Eddie fished out his smartphone, navigated to a binary to text converter, and input the binary code. He paused for a moment, aware that this probably signified Brigham’s closing challenge. Nervous anticipation rose inside him as he thumbed the translate button:



A quick Google search initially added to the confusion. The phrase meant ‘holding a wolf by the ears.’ Digging a little deeper into cyberspace revealed the line was first used by the Roman playwright Terence and was once a popular proverb in Ancient Rome. It described an unsustainable situation where doing something or nothing to resolve it carried an equal risk.

Without context, the phrase didn’t spark anything in Eddie’s mind. The only unsustainable thing he knew relating to his grandfather was his heart, which had finally given out while he was tinkering with his latest project. Even with failing eyesight and curved posture, Brigham had worked until he drew his final breath.

A few people at the funeral said he had died doing what he loved, and it was what he would have wanted. Staying alive was probably what he really wanted, but regardless, his life deserved celebrating rather than mourning.

Eddie crouched by the gravestone, closed his eyes for a moment, and remembered back to their happiest times together. He’d loved working with Brigham in his vegetable patch, both wearing vests with their trousers held up by braces. Even today, he wore a pair to hold up his jeans. Wearing a belt wasn’t in the York family’s DNA.

His fingers brushed over the carved binary message, breaking his reverie. Eddie told himself again, everything his grandfather did had a purpose. He retrieved a letter from his inside pocket and read it once more.

It had arrived through the letterbox of Eddie’s Manchester apartment four days ago. It was from Skunke & Weesul, Brigham’s London-based solicitor. Curiously, their address was a pub close to the bustling delights of Oxford Street. The firm had been established in 1881, had no website, and a web search didn’t reveal any further details. He guessed they had private rooms on the second floor of the building—and clients who valued privacy.

The typewritten words gave him three simple instructions:


  1. Check in to the Hotel Café Royal on Regent Street. A room has been booked for the 1st of April.


On first reading this, Eddie had called the number on the letterhead to check it wasn’t setting him up for a cruel joke, considering the date. A woman named Sally confirmed the authenticity of the contents and that they had been communicated exactly as his grandfather had instructed in the event of his death.


  1. Visit plot no. 886 in Kensal Green Cemetery on the morning of the 2nd, 8 a.m. sharp, and be the first person to see the memorial. You’ll know what to do.


Eddie knew the precise location. Six days previously, his grandfather’s coffin had been lowered into a freshly dug grave. He had tossed down a bouquet made from multicolored wires and LED lights before the dirt was shoveled back. They still did things the old-school way in Kensal Green Cemetery. He appreciated that, rather than having a small digger looming in the background, ready to give the funeral a crude mechanical postscript.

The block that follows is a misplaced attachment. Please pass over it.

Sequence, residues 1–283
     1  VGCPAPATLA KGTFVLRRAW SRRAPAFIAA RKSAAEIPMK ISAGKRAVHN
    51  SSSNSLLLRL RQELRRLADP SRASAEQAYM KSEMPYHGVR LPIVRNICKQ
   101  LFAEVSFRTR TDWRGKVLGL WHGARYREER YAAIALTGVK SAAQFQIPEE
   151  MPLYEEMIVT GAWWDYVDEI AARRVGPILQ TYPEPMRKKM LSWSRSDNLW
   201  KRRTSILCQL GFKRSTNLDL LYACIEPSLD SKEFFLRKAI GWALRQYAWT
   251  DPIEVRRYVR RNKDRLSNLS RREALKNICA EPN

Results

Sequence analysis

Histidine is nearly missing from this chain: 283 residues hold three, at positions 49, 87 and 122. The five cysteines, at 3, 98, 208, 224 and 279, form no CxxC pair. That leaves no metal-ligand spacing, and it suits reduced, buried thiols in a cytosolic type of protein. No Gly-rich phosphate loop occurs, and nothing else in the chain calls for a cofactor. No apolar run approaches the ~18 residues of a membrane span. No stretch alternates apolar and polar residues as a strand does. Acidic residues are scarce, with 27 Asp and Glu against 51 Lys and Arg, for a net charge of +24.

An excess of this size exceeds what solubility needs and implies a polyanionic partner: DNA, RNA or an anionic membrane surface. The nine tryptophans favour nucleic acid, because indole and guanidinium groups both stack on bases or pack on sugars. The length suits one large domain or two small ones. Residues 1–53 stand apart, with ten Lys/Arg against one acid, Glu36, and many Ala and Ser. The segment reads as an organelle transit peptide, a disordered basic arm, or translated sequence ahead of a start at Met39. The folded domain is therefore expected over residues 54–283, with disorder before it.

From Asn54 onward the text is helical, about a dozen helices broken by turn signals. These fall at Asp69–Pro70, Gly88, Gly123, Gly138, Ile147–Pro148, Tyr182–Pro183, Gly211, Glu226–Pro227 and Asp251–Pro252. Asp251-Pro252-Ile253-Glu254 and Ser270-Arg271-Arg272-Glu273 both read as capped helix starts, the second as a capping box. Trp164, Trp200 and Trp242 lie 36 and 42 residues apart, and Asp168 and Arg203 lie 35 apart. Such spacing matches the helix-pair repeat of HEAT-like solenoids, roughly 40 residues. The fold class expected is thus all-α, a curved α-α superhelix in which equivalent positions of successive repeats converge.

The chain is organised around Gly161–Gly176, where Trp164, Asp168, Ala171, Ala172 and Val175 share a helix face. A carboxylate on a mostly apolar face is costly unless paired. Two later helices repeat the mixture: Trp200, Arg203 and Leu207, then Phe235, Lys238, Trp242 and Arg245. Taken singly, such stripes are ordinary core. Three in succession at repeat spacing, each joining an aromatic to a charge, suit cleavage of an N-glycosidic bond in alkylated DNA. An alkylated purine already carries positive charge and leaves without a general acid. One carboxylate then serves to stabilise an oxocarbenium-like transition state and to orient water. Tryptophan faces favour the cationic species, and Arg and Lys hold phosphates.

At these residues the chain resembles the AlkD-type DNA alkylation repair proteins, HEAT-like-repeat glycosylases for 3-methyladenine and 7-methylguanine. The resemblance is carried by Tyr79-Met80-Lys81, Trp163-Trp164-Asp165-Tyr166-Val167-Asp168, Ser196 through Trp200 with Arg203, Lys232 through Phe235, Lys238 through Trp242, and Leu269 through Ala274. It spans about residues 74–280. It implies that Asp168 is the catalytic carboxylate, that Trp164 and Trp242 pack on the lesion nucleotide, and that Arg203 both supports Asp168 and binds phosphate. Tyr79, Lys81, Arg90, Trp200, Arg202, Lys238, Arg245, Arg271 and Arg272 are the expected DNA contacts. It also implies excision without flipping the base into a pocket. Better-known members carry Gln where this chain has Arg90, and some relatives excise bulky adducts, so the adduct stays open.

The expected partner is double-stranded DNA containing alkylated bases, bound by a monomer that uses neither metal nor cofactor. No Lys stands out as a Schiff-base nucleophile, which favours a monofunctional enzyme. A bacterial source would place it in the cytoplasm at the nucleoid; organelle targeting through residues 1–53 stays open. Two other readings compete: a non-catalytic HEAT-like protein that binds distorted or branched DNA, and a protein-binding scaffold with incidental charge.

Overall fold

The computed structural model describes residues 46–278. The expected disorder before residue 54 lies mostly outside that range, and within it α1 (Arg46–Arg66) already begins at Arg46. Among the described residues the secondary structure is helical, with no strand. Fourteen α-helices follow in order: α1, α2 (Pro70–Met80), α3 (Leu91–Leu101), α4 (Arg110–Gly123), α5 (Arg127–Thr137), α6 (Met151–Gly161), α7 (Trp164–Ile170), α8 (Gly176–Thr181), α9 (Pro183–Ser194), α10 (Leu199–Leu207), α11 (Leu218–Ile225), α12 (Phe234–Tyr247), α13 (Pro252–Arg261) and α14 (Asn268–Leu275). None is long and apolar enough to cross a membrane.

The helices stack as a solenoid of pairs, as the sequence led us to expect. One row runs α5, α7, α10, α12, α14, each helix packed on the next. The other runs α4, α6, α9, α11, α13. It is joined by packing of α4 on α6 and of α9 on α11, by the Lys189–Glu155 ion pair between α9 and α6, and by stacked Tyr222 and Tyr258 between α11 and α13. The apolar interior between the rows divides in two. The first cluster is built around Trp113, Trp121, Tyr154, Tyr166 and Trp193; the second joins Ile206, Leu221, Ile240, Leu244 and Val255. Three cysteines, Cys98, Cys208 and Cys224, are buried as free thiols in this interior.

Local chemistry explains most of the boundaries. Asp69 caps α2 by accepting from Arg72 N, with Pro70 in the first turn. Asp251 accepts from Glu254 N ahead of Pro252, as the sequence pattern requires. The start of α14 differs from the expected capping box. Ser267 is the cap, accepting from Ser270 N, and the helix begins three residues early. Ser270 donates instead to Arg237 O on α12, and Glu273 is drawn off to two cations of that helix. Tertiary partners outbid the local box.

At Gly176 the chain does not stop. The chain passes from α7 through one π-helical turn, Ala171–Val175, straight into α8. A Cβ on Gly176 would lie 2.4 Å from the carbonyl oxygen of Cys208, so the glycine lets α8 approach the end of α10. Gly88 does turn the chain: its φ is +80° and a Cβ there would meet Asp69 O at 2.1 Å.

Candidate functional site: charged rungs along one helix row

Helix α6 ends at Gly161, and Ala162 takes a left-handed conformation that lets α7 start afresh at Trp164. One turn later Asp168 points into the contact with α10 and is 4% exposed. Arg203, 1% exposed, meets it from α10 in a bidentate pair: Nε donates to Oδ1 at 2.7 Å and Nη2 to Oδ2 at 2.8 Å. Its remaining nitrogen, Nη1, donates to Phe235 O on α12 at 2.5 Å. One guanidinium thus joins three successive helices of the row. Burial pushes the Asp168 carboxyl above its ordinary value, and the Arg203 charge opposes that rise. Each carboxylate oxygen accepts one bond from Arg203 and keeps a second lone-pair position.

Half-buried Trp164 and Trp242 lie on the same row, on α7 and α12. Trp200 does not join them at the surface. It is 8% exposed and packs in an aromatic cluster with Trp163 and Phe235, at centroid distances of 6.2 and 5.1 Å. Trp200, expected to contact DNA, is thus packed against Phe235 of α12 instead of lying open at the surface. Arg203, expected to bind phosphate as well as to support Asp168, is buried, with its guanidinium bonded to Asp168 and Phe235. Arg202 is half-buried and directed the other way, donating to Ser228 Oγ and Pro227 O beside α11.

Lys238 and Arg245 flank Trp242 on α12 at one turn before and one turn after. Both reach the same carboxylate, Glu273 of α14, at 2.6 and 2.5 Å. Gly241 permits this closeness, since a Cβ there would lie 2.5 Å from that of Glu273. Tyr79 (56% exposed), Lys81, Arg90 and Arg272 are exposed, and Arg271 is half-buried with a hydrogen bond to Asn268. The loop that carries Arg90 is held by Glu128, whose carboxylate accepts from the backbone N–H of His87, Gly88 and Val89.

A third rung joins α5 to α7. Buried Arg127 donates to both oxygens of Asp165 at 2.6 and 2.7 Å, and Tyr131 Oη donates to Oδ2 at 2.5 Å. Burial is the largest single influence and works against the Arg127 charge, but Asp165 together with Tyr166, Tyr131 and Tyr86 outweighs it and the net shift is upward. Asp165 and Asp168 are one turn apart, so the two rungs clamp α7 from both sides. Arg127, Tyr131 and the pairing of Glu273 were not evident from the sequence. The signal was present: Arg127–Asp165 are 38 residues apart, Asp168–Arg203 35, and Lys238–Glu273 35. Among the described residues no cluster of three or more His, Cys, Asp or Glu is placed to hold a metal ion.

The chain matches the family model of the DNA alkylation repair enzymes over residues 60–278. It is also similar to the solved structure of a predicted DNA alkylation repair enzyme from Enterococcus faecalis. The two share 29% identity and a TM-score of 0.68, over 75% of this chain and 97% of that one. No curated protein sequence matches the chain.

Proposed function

1. Meet with Sally Weesul at midday, in the firm’s office, for the reading of Brigham York’s last will and testament.


Sally had to be a relative of Albert Weesul, who’d worked alongside Brigham during the war. Albert had visited his house several times a year for as long as Eddie could remember. The two old men had always chatted over a game of chess while they shared a bottle of scotch. The booze had often won.

Albert had lost his lengthy battle with cancer over a decade ago, but Brigham, being the man he was, likely stayed with the solicitor firm through loyalty to his longtime friend. Eddie was curious to see if Sally shared any traits of her larger-than-life relative, like his booming laugh and twinkling eyes. More importantly, he hoped the third and final instruction would shed more light on what his grandfather meant by ‘holding a wolf by the ears.’

The unsustainable situation.

Eddie rose, gave the gravestone a final glance, and then headed back through the clutter of mausoleums, intent on solving his grandfather’s final challenge.




The Argyll Arms was a classic gem from the Victorian era. Lanterns hung over black frames of both entrances; watery spring sunshine dazzled the wide front window. Its name stretched across the length of the building in a gleaming gold font. It sat sandwiched between a modern clothes shop and the red-tiled Piccadilly Circus tube station as an enduring beacon of a bygone time.

People hanging about, smoking on the pavement, provided a modern twist. Their puffing created an odorous cloud for Eddie to negotiate before reaching the welcome warmth of the bar.